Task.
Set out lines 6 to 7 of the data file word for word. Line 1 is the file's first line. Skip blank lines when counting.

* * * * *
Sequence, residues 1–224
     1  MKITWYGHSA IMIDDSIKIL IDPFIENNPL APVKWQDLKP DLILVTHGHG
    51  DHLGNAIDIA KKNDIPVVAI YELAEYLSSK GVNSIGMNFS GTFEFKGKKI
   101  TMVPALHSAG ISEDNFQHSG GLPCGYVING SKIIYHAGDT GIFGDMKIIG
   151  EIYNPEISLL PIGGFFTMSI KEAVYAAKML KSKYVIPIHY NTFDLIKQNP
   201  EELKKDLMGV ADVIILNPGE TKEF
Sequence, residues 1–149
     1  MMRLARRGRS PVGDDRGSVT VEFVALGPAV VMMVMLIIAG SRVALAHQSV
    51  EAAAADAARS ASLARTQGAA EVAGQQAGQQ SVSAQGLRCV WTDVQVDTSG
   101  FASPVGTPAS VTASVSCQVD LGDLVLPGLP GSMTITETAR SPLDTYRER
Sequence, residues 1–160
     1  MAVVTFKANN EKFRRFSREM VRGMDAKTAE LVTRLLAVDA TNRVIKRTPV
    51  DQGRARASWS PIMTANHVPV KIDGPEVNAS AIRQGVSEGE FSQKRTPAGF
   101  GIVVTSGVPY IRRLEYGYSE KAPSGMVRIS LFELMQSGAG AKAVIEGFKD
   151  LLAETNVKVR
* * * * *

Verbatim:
   201  EELKKDLMGV ADVIILNPGE TKEF
Sequence, residues 1–149